Aphrodisiacs Through the Ages
Can what you eat put you "in the mood"? Would-be lovers have been cooking up aphrodisiac appetizers for thousands of years. But do any of them really work?
Some aphrodisiacs came out of mythology. Aphrodite, the Greek goddess of love (from whose name, of course, "aphrodisiac" is derived) was supposed to have held sparrows sacred. We think rabbits are promiscuous animals, hence the Playboy bunny and certain lewd sayings, but the ancient Greeks thought sparrows were especially lustful. Because of the association with Aphrodite, Europeans were inclined to eat sparrows, particularly their brains, as aphrodisiacs.
St. Thomas Aquinas, a 13th-century friar, also wrote a bit on aphrodisiacs. Like Galen, he thought aphrodisiac foods had to produce "vital spirit" and provide good nutrition. So meat, considered the heartiest food, was an aphrodisiac. Drinking wine produced the "vital spirit."
Wine, Spanish Fly, and Thou
Alcohol is one of the only things known for ages as an aphrodisiac that has any real effect on sexual desire. A little alcohol can dissolve inhibitions and put you in the mood, but overindulgence is said to have the opposite effect on performance, now as in Shakespeare's time. ("It increases the desire but it takes away the performance" comes from Macbeth.)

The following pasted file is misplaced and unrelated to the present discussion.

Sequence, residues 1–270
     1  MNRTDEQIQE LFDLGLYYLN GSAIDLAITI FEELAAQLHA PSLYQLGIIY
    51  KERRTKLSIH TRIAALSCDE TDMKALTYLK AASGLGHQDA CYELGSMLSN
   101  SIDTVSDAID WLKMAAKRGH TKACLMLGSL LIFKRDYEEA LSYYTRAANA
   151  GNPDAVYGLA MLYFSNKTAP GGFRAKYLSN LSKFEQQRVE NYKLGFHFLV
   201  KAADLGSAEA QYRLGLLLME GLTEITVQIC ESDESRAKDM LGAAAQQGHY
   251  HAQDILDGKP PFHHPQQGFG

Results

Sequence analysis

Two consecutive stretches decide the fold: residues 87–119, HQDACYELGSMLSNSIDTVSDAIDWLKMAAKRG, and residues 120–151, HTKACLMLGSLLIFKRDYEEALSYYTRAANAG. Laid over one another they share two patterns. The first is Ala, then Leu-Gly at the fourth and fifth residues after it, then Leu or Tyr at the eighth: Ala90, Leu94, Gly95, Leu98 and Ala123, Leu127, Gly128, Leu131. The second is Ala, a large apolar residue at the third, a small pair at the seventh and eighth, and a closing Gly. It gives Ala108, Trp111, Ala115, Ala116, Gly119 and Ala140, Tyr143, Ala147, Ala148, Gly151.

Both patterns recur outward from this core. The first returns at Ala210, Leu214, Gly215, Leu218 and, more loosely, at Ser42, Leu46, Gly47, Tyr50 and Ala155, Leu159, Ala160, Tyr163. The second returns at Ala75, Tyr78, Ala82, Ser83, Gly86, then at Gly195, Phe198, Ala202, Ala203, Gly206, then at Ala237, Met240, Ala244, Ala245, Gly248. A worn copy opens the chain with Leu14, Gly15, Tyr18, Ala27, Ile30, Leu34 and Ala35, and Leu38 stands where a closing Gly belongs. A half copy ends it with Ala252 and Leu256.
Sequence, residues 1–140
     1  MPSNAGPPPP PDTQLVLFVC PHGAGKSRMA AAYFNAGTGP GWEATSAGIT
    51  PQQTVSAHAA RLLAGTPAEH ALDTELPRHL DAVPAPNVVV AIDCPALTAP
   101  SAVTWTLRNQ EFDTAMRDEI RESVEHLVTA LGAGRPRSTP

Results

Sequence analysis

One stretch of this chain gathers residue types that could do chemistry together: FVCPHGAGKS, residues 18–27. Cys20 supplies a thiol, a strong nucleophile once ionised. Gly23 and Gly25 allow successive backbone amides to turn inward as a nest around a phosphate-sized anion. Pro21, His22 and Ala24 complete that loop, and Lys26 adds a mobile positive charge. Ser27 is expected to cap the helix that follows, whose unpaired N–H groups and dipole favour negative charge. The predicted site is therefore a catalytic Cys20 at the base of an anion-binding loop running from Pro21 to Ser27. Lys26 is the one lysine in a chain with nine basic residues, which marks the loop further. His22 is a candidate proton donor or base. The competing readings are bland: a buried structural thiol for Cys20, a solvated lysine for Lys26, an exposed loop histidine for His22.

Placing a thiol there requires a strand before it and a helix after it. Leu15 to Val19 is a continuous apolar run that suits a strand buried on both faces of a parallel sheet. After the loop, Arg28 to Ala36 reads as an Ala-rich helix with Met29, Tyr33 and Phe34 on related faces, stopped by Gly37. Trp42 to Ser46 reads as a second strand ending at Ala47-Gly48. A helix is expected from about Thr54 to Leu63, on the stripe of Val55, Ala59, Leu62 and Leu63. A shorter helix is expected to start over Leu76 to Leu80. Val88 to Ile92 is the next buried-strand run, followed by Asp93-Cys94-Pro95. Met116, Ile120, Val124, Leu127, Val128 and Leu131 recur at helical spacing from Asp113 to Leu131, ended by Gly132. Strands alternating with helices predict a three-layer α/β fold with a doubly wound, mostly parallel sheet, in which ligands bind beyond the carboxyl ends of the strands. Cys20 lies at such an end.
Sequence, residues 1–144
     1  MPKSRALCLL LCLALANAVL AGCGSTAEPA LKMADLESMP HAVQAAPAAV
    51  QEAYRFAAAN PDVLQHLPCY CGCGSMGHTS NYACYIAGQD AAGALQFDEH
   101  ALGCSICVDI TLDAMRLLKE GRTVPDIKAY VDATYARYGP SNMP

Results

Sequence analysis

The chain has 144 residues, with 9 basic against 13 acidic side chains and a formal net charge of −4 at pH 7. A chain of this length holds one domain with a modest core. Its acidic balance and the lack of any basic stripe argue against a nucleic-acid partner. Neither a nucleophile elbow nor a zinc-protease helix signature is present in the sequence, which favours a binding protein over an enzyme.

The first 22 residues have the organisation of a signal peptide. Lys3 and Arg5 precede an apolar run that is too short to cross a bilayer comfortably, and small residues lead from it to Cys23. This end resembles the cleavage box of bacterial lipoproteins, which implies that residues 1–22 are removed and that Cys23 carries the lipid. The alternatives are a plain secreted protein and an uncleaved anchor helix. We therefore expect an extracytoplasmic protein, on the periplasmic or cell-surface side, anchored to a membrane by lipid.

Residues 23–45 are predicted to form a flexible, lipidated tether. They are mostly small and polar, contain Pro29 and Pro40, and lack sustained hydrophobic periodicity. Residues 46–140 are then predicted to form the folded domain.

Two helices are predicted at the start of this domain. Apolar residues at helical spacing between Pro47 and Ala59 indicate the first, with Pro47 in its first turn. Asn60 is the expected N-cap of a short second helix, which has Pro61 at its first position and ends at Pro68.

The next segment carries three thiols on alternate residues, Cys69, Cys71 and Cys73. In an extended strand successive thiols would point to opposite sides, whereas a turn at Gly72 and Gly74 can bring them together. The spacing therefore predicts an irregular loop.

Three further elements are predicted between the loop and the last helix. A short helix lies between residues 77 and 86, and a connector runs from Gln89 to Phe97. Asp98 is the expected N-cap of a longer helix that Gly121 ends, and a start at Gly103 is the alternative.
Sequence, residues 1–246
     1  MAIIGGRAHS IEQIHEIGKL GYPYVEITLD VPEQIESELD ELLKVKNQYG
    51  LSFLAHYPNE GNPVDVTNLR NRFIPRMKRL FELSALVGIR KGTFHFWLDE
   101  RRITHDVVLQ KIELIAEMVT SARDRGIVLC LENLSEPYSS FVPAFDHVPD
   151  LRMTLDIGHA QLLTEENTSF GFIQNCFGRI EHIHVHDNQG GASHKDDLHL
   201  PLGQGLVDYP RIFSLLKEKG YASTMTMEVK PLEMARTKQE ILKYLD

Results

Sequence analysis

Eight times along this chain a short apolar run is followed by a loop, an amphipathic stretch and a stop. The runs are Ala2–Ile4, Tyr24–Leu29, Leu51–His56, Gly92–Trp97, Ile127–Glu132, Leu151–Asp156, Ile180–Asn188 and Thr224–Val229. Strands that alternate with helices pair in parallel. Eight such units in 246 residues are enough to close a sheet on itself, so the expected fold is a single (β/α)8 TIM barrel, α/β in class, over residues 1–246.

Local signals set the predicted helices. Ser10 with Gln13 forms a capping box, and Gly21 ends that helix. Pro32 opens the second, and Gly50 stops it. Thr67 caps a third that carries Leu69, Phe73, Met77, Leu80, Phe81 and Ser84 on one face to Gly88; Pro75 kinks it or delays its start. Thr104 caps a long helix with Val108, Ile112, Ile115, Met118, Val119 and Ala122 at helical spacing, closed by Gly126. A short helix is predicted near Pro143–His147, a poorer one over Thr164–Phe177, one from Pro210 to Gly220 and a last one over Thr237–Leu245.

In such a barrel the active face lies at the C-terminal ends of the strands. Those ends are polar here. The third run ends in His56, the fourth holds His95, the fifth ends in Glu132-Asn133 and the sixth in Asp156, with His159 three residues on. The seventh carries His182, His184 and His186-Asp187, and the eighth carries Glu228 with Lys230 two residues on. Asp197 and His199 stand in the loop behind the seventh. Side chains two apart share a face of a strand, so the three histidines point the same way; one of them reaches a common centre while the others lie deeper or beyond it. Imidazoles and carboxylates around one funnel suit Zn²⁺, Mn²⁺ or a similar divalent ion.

Coffee is another old one, and it's still sometimes considered an aphrodisiac. "Every time you have an excitation, you have an effect of disinhibition," says Paola Sandroni, MD, a neurologist at the Mayo Clinic. She reviewed the scientific evidence that exists on many supposed aphrodisiacs, and published her findings in the journal Clinical Autonomic Research.
But to call coffee or anything that contains caffeine an aphrodisiac would be misleading. "I think the effect is much more general," she says. In the same way, cocaine and amphetamines may seem to be aphrodisiacs because they stimulate the central nervous system, but they have no specific effects on sexual desire
Sandroni also looked at studies on ambergris, which comes from the guts of whales and is used in perfumes. Some consider ambergris an aphrodisiac and there is evidence to support this notion. In animal studies, it increased levels of testosterone in the blood, which is essential to the male sex drive, and is thought to play a part in women's libido as well.